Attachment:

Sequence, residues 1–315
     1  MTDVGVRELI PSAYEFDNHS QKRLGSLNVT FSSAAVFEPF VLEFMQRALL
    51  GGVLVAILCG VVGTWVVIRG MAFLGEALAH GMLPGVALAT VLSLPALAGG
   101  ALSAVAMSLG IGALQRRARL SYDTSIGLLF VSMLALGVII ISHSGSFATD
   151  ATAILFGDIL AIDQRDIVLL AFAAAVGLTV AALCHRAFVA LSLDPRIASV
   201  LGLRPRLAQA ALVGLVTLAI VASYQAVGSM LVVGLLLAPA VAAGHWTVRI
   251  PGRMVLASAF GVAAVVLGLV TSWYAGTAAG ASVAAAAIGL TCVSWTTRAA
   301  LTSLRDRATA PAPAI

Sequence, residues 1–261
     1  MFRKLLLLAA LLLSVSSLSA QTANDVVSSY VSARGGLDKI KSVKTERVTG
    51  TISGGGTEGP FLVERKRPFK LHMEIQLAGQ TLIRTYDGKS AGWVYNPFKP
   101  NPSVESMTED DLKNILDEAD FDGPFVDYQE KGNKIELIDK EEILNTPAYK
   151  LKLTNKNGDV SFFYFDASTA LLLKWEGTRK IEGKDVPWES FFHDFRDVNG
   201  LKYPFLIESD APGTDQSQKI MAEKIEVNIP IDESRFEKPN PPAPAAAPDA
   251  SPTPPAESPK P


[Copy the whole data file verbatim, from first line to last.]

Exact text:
Sequence, residues 1–315
     1  MTDVGVRELI PSAYEFDNHS QKRLGSLNVT FSSAAVFEPF VLEFMQRALL
    51  GGVLVAILCG VVGTWVVIRG MAFLGEALAH GMLPGVALAT VLSLPALAGG
   101  ALSAVAMSLG IGALQRRARL SYDTSIGLLF VSMLALGVII ISHSGSFATD
   151  ATAILFGDIL AIDQRDIVLL AFAAAVGLTV AALCHRAFVA LSLDPRIASV
   201  LGLRPRLAQA ALVGLVTLAI VASYQAVGSM LVVGLLLAPA VAAGHWTVRI
   251  PGRMVLASAF GVAAVVLGLV TSWYAGTAAG ASVAAAAIGL TCVSWTTRAA
   301  LTSLRDRATA PAPAI

Sequence, residues 1–261
     1  MFRKLLLLAA LLLSVSSLSA QTANDVVSSY VSARGGLDKI KSVKTERVTG
    51  TISGGGTEGP FLVERKRPFK LHMEIQLAGQ TLIRTYDGKS AGWVYNPFKP
   101  NPSVESMTED DLKNILDEAD FDGPFVDYQE KGNKIELIDK EEILNTPAYK
   151  LKLTNKNGDV SFFYFDASTA LLLKWEGTRK IEGKDVPWES FFHDFRDVNG
   201  LKYPFLIESD APGTDQSQKI MAEKIEVNIP IDESRFEKPN PPAPAAAPDA
   251  SPTPPAESPK P